We appreciate all of the work done by the Environmental Facilities Corporation to administer the SRF programs. However, Long-Term Subsidized Financing can only do so much for many of the small Adirondack communities struggling just to maintain current, traditional services. Hardship Financing and Drinking Water SRF grants should be expanded for economically distressed areas of the state like the Adirondacks. This component will be crucial to the North Country and the bond act would be able to relieve some of the burden which is facing many Park communities that need updated water and sewer sytems.

With additional SRF funding provided by the federal government in the stimulus package and an increase proposed in the FY 2010 budget, the state should be able to stretch these dollars further. By adding an additional $1 billion to EFC’s portfolio, they can use this money to leverage another $5 billion in federal dollars.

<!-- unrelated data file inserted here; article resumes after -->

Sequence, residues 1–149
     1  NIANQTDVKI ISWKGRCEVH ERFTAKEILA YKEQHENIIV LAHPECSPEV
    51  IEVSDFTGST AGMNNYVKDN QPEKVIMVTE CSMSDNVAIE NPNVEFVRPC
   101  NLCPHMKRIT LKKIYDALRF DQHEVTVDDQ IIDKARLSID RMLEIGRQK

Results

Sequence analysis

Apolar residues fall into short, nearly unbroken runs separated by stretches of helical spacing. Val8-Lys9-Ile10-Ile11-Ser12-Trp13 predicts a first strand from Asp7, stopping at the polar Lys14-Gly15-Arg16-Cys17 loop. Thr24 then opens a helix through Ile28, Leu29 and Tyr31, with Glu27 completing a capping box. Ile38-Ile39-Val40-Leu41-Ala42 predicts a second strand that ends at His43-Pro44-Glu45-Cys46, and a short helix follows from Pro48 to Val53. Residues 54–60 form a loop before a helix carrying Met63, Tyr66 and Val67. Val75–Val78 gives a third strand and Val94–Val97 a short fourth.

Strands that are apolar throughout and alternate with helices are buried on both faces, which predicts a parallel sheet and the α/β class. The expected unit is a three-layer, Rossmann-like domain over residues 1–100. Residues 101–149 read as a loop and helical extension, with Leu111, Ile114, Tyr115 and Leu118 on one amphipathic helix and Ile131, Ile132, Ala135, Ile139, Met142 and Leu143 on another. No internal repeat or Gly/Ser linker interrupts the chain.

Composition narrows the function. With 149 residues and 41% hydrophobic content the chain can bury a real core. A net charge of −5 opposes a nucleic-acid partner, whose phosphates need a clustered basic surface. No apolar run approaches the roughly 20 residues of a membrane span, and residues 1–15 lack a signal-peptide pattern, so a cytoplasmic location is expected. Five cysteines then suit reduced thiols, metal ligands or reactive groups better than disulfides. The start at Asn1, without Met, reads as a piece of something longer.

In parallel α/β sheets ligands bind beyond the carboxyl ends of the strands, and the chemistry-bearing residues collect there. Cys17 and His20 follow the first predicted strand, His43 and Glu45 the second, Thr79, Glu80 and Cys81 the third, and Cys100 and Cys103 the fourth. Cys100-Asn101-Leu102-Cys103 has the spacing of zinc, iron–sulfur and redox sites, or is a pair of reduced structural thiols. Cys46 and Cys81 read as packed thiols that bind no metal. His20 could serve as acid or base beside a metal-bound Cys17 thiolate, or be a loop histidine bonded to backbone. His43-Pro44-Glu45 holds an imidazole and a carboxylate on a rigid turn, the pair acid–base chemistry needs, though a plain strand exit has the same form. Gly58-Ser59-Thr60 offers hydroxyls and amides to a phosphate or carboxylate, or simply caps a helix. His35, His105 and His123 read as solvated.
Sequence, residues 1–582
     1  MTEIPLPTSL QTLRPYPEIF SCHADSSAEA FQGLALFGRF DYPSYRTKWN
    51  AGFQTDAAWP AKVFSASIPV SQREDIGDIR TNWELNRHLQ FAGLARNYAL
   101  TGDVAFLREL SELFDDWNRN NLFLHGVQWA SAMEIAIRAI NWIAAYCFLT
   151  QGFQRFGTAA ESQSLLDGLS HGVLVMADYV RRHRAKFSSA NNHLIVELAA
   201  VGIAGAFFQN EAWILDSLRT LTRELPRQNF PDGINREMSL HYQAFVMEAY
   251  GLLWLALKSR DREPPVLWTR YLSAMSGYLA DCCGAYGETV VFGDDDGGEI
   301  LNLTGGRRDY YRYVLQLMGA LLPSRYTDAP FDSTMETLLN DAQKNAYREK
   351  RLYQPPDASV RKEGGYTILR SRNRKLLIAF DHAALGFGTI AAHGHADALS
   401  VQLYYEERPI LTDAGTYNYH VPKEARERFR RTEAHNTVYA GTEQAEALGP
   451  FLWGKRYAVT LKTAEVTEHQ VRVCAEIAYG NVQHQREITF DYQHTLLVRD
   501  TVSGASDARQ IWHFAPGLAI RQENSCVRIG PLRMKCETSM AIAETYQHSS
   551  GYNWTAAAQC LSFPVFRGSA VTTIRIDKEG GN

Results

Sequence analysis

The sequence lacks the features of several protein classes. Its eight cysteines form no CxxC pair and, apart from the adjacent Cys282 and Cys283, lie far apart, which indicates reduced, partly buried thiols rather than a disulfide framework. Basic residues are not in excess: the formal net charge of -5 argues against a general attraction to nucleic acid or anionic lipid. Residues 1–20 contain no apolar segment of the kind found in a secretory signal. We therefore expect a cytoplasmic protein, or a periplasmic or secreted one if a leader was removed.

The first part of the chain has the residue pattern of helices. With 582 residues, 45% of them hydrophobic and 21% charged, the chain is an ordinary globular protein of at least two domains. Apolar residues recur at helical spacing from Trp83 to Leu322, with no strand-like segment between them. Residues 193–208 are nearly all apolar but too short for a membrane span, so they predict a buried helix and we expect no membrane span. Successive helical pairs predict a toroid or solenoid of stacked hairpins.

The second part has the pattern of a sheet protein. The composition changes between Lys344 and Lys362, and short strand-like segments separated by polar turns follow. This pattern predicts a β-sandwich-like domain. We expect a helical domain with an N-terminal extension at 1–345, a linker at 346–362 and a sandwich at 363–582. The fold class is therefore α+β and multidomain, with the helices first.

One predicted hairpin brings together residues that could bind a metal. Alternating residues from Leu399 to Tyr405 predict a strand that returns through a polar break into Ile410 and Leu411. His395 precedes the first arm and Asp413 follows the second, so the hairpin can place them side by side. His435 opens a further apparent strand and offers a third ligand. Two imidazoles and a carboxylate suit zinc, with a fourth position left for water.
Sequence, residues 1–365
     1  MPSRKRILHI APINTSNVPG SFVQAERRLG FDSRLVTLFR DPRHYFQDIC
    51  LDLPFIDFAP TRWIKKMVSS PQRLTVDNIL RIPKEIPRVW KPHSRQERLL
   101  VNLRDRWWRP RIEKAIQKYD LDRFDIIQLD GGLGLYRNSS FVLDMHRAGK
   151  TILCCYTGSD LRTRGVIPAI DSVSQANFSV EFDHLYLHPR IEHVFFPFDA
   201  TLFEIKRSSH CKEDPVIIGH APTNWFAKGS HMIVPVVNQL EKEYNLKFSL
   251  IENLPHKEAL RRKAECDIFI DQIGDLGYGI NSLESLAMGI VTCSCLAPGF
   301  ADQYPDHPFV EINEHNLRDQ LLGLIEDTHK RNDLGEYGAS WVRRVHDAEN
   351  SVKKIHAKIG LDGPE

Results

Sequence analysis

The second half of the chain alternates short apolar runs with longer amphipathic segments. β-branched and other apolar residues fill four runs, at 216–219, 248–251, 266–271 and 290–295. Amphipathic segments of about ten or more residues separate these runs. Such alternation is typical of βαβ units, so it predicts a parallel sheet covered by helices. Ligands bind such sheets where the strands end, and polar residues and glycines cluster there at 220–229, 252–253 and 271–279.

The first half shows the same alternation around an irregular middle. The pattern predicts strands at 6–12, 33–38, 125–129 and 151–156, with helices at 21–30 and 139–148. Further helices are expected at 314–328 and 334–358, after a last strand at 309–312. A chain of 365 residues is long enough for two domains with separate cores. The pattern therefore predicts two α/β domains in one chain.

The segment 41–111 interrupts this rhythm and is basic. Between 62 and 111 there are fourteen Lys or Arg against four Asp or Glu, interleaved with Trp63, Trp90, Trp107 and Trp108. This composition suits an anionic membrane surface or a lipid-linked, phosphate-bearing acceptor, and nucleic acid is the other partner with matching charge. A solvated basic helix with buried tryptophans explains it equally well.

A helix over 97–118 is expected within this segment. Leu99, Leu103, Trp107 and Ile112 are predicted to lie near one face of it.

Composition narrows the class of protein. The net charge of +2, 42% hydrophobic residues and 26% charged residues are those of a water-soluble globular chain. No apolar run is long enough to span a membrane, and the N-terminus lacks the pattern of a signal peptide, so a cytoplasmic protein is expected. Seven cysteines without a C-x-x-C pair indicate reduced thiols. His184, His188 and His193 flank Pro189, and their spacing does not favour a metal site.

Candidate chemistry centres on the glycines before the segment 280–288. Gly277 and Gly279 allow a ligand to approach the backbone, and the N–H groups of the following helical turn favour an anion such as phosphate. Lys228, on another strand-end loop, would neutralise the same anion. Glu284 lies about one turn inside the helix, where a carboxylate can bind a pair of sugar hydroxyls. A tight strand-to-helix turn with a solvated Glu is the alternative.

Finally, in 1996, the Adirondack Council was heavily involved in the Clean Air/Clean Water Bond Act. This year, the commitment will be much the same. We have already begun our media outreach and that will continue through Election Day. From Buffalo to Babylon and Oneonta to Plattsburgh, we will work to educate the public about the benefits of the Clean Water, Clean Air and Green Jobs Bond Act. In 1996, several Adirondack Council staff members even went so far defending the Bond Act as to file a lawsuit against CHANGE-NY and its front group, A Bunch of New Yorkers Who Like the Environment But Know This Bond Act is a Big Waste of Money. This group has vigorously campaigned against the bond act, but had gone a step further and ran outlandishly false ads, including a dancing pig to describe the bond act as nothing but pork. Hopefully this year no lawsuits will be necessary, but we will strongly support this proposal and make sure voters are aware of its tremendous benefits.

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Stories written under the Almanack's Editorial Staff byline are drawn from press releases and other notices.